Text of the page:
So I'd say it's a valuable thing to do if you have space, have curricula you feel are especially useful, and won't be offended if your kids choose not to use it. My parents don't assume that their kids will homeschool, but they certainly are an excellent support now that we do! They are also a positive support to my brother's family who is using public school, so it's a good dynamic as they are supporters of their grandchildren's education in general.

 

From a continuity standpoint, I don't know how necessary it is that kids and parents keep using the same curricula, but it sure is fun when I remember the reader stories from my childhood. :) And sharing the literature I read and remember is so nice. For me, it matters that the worldview of our studies are consistent, but not necessarily the specific curricula.

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I'm keeping all my Sonlight literature, as well as other classics, for my grandkids (whether they get homeschooled or not). I'm guessing that the books with wonderful illustrations will definitely be useful. I'm not sure what direction technology will take in terms of older chapter books, though.  

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I see no inherent value in a family using the same books for generations.

 

Great works of literature that survived the centuries and have stood the test of time will retain their educational value. As will great math books. Maybe - but that is with question mark - introductory physics texts and some foreign language grammar materials. Anything that is affected by scientific progress or touched by social trends will not be suitable.

 

I see how dramatically society changes. My grandmother met the last German emperor. My parents were born in Nazi Germany. They went to school in a communist society. When Stalin died, my dad was made to stand and say why it would have been better he had died instead. I lived through heavy socialist indoctrination which was reflected in all texts. The wall fell when I was a college student. My children grew up in the United States of the early 21st century.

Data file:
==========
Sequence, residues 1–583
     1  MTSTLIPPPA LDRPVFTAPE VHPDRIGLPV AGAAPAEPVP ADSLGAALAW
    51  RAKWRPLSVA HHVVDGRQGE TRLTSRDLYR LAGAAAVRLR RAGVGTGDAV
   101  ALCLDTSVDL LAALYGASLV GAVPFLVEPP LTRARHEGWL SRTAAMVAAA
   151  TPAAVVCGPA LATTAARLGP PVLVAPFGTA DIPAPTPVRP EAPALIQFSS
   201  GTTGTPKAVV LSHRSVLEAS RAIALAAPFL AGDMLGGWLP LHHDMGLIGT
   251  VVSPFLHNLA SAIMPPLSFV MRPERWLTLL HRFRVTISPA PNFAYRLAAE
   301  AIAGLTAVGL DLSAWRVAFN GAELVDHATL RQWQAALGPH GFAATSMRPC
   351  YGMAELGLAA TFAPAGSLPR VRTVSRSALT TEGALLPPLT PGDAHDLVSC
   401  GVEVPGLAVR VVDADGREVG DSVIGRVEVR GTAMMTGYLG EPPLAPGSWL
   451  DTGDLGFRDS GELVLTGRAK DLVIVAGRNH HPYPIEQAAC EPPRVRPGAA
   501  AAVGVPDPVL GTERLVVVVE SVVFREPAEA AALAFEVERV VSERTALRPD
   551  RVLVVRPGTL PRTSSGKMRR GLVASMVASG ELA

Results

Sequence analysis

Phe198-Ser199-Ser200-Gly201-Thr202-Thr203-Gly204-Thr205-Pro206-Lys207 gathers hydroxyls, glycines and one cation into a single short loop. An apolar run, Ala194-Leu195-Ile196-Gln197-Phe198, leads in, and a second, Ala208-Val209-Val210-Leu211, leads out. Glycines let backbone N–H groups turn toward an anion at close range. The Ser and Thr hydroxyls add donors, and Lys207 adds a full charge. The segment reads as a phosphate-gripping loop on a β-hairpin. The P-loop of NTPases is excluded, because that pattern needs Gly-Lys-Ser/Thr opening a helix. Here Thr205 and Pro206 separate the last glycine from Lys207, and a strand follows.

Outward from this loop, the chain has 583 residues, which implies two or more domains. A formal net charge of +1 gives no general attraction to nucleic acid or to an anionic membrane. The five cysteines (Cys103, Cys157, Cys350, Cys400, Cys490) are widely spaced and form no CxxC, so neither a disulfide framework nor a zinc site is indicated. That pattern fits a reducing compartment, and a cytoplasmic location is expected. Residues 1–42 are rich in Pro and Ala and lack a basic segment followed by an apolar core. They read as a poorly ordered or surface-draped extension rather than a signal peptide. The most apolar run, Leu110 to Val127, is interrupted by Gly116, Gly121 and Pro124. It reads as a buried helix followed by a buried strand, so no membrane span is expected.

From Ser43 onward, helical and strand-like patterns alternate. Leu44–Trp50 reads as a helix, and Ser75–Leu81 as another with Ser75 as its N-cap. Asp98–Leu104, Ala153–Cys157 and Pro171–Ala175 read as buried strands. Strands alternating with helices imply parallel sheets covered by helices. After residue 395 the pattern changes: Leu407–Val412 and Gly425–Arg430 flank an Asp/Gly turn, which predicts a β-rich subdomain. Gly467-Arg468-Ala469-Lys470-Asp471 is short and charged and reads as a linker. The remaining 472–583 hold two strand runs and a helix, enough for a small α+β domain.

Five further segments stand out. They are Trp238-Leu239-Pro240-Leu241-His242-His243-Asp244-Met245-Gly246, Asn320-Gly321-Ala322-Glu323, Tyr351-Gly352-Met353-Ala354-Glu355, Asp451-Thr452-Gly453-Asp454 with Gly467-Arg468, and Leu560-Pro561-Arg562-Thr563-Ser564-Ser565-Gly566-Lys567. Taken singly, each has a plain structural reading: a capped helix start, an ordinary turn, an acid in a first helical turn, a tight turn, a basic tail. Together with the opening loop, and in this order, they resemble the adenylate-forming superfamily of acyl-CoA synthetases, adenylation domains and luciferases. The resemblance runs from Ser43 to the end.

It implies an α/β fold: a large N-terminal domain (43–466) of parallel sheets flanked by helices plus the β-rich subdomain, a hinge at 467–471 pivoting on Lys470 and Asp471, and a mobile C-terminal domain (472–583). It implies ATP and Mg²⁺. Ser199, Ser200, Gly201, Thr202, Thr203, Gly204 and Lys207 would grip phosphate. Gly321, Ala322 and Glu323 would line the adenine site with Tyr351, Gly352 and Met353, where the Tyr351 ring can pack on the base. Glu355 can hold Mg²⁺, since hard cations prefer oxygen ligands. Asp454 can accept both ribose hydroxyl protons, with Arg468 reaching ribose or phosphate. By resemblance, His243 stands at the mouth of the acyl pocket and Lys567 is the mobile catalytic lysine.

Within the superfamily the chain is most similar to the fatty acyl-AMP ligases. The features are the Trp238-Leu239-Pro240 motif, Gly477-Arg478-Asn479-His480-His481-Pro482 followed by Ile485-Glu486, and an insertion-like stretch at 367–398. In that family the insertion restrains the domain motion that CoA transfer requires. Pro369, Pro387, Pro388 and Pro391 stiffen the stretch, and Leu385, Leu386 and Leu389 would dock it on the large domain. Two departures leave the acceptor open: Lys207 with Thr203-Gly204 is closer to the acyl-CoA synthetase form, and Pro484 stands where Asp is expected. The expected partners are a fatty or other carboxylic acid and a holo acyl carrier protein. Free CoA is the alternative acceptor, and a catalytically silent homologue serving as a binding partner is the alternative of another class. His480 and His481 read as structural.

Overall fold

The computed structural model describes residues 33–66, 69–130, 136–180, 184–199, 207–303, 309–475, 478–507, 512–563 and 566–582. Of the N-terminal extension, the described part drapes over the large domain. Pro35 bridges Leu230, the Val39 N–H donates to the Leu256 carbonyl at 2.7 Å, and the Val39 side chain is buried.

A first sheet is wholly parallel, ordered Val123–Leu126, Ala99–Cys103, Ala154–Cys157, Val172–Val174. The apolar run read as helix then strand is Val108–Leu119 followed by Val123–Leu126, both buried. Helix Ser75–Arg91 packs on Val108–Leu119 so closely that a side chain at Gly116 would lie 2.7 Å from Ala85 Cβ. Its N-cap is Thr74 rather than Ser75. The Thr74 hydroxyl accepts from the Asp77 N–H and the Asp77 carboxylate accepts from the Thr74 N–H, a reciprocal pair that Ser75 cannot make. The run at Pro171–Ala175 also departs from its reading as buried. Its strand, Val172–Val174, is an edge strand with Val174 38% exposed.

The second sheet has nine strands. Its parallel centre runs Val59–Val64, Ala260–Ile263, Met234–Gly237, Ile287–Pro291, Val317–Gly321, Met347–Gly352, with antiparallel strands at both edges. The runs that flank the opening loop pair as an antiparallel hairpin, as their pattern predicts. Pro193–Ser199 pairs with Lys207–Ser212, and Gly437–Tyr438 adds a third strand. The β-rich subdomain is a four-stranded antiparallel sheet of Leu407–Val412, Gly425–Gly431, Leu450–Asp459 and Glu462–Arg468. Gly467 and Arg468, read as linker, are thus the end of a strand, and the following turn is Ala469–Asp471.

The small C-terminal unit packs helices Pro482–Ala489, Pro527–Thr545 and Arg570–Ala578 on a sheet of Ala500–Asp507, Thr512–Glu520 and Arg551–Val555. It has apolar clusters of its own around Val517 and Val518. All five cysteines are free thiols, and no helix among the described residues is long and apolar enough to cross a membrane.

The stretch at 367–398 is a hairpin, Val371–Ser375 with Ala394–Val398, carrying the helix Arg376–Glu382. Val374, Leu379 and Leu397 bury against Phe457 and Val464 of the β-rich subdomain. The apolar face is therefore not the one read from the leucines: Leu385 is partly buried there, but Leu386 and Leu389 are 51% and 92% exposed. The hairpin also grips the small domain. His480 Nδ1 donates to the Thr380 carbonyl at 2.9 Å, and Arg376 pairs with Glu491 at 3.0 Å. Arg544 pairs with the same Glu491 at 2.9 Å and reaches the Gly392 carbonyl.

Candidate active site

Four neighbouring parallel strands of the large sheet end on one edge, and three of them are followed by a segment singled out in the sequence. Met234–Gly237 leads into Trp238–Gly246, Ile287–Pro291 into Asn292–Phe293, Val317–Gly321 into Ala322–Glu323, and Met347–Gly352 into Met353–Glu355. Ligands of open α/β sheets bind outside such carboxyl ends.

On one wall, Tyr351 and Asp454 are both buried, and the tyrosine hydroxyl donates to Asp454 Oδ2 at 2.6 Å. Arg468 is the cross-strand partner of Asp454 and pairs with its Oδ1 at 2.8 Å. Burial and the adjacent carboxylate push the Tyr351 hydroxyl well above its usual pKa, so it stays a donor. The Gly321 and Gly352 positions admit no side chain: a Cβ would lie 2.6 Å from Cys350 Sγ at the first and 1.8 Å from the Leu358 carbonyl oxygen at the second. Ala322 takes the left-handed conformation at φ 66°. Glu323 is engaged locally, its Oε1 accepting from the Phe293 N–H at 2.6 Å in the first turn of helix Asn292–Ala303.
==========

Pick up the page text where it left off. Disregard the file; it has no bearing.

Very few books from their grandparents' schooling would have been suitable.

 

(ETA: lest anybody think "well, that was over there in Europe": in the US, women have been allowed to vote for less than 100 years. Civil rights movement, feminism, cold war - all this will have been reflected in books. Racism, misogyny, homophobia...  I hope that when my grandkids are born and ready to be educated, we made some progress in those areas that will be reflected in the books they have to read.)

 

Materials reflect the times in which they are created. History weeds out those that do not have relevance beyond their period.Those that touch on the fundamentals of the human condition, beyond specific societal constraints, survive. Much of literature becomes only suitable as a history lesson, but not beyond that.

Many of the books that deeply spoke to me as a teen are incomprehensible to my own children, because their circumstances are different, and the problems we wrestled with in my adolescence are so remote from their problems. (And by incomprehensible I mean that, of course, they can read and understand the words, but without the cultural background, they cannot understand the deeper meaning behind the stories.) Those books deserve a place in libraries to be studied by scholars and students of history; they do not have a place in my grandchildren's rooms.